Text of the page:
Several State Troopers, as well as officers from the Franklin Police Department and the Columbia State Community College Department of Public Safety showed up to the Williamson Inc. legislative update on Friday morning. / Photo Matt Blois


The first Williamson Inc. legislative update on Friday morning event ran much like the chamber’s previous town hall events.

The chamber recently changed the name of the event after a woman confronted legislators in February about the appointment of Representative David Byrd to an education subcommittee.

Several women told WMSV that Byrd sexually abused them in the 1980s when he was their basketball coach. This week, Speaker of the House Glen Casada asked Byrd to step down as chairman of an education subcommittee.

That was the first topic legislators discussed on Friday. Casada said he asked Byrd to resign because he was a distraction.

“Many members have to me and said, Glen, this is a distraction … Both Republicans and Democrats came to me. Based on that I asked for his resignation,” Casada said. “What must transpire is that peoples’ business must be done, and it must be done in an orderly fashion. Anything that is a hinderance or a distraction must be moved out of the way.”

Several State Troopers, as well as officers from the Franklin Police Department and the Columbia State Community College Department of Public Safety were at the legislative update, presumably to move any distractions out of the way.

Despite several confrontations at the state capitol last month that ended with state troopers arresting protesters or removing them from hearings, the officers didn’t need to take any action on Friday morning. Business proceeded in an orderly fashion.

After the event, Williamson Inc. Director of Government Affairs Kel McDowell reiterated that the event still has the same basic format as the town hall. He said the chamber wanted to change the name to better reflect its purpose.

The event was moderated as usual by Dave Crouch, who asked the legislators about criminal justice reform, budget projections and other proposals. Crouch didn’t open the floor to audience questions, but he did select two members of the audience to chime in.

Williamson County Juvenile Judge Sharon Guffee shared her opinion on proposals for criminal justice reform. Crouch also gave the microphone to Franklin Tomorrow Executive Director Mindy Tate, who challenged legislators on a bill from last year related to affordable housing.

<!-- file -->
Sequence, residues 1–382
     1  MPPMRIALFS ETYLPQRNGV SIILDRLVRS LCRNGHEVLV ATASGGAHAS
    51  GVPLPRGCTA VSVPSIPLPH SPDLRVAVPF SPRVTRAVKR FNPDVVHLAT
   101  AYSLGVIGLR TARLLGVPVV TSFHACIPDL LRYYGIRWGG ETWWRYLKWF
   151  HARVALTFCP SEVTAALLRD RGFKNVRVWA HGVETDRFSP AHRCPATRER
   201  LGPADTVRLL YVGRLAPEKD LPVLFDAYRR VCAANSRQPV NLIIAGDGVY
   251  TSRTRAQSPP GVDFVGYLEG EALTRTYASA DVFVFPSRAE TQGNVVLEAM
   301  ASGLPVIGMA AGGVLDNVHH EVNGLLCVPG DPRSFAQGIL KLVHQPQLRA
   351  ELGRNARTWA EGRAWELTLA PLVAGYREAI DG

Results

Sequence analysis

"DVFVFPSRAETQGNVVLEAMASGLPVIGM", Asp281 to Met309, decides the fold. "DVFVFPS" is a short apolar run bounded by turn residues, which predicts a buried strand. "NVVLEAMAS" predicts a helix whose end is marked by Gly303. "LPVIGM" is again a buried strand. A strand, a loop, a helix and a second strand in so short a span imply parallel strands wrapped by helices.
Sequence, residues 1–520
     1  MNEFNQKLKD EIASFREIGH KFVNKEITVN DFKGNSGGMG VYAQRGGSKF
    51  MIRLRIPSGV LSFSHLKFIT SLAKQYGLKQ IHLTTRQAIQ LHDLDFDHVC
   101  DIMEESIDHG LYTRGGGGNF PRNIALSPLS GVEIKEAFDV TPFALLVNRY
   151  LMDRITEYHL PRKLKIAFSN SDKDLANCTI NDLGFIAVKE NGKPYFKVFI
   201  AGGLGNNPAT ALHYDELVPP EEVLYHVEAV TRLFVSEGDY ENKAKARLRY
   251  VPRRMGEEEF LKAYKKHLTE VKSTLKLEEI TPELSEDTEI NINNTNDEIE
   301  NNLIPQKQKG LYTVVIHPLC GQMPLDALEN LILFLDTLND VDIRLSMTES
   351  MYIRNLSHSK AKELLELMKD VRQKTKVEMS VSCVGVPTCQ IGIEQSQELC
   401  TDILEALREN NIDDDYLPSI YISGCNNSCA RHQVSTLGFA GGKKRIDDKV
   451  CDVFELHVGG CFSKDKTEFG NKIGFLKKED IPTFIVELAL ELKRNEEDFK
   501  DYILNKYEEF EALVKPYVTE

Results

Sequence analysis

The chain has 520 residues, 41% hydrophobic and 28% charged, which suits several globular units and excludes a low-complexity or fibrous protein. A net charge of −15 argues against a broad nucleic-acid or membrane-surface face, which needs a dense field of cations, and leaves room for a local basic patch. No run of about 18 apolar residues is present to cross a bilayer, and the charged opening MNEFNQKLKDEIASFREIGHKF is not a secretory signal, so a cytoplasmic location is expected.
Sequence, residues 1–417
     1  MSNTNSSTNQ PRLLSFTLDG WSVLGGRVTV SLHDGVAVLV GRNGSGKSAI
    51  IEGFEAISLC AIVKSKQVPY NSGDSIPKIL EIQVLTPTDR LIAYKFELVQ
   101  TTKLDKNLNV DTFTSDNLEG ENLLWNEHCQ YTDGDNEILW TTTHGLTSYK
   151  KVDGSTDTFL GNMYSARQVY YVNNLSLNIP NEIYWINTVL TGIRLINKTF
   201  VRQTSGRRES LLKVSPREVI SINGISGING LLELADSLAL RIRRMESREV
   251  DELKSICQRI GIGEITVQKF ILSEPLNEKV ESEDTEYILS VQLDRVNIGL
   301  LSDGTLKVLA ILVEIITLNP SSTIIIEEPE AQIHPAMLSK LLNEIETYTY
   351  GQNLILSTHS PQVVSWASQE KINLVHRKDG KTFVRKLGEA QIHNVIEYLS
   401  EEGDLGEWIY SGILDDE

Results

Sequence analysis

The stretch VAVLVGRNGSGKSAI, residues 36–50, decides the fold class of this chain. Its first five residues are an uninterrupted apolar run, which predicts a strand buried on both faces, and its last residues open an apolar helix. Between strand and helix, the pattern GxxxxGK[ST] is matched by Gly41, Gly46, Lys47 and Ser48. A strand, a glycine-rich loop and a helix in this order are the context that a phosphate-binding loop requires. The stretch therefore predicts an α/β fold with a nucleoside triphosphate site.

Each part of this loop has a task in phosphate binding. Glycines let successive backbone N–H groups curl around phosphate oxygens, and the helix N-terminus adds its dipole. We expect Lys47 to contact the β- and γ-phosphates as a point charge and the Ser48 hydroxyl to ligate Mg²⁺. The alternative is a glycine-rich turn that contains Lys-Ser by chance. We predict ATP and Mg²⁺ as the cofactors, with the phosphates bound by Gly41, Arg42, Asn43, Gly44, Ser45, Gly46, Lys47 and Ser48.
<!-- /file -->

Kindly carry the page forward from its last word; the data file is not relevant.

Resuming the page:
Crouch didn’t give the microphone to former Democratic congressional candidate Justin Kanew, who recorded much of the event on a phone.

After the event, legislators stayed behind to talk with members of the audience and answer questions.

Senate Majority Leader Jack Johnson spent several minutes near the beginning of the event to explain why he supports a proposal to create an education savings account program for areas with underperforming schools.

“If getting those kids out of failing schools and into a private school will help them have an opportunity to go to college instead of going to prison, we should do it,” he said.

An education savings account bill passed through a house education committee this week.

Representative Sam Whitson said he disagreed with Johnson’s position, and worried that the proposal would lead to unintended consequences.

Whitson said the legislature is still considering a bill that would grant tax credits for historic restoration projects, but the proposal comes with a big price tag. He said the legislature will have to find a way to pay for it.

Williamson Inc. recently called a long term solution for funding public education its number-one priority. The chamber endorsed a bill that would use some of the state’s sales tax revenue to fund districts that are growing quickly, such as Williamson County.

Johnson said he hoped that proposal would pass, but we wasn’t optimistic that it would be successful during this legislative session.

“Like the historic tax credit, I don’t think there’s any objection to doing it but it’s got a sizable fiscal impact,” Johnson said. “It’s not just Williamson County. There’s a number of districts across the state that would qualify for the additional funding.”

A bill that would allow Williamson County residents to vote at any polling location regardless of their precinct seems to have a better chance of success.

Rutherford County successfully implemented these convenient vote centers last year. Johnson said legislators have considered making that system permanent in Rutherford County and expanding the program to several other counties, including Williamson County.

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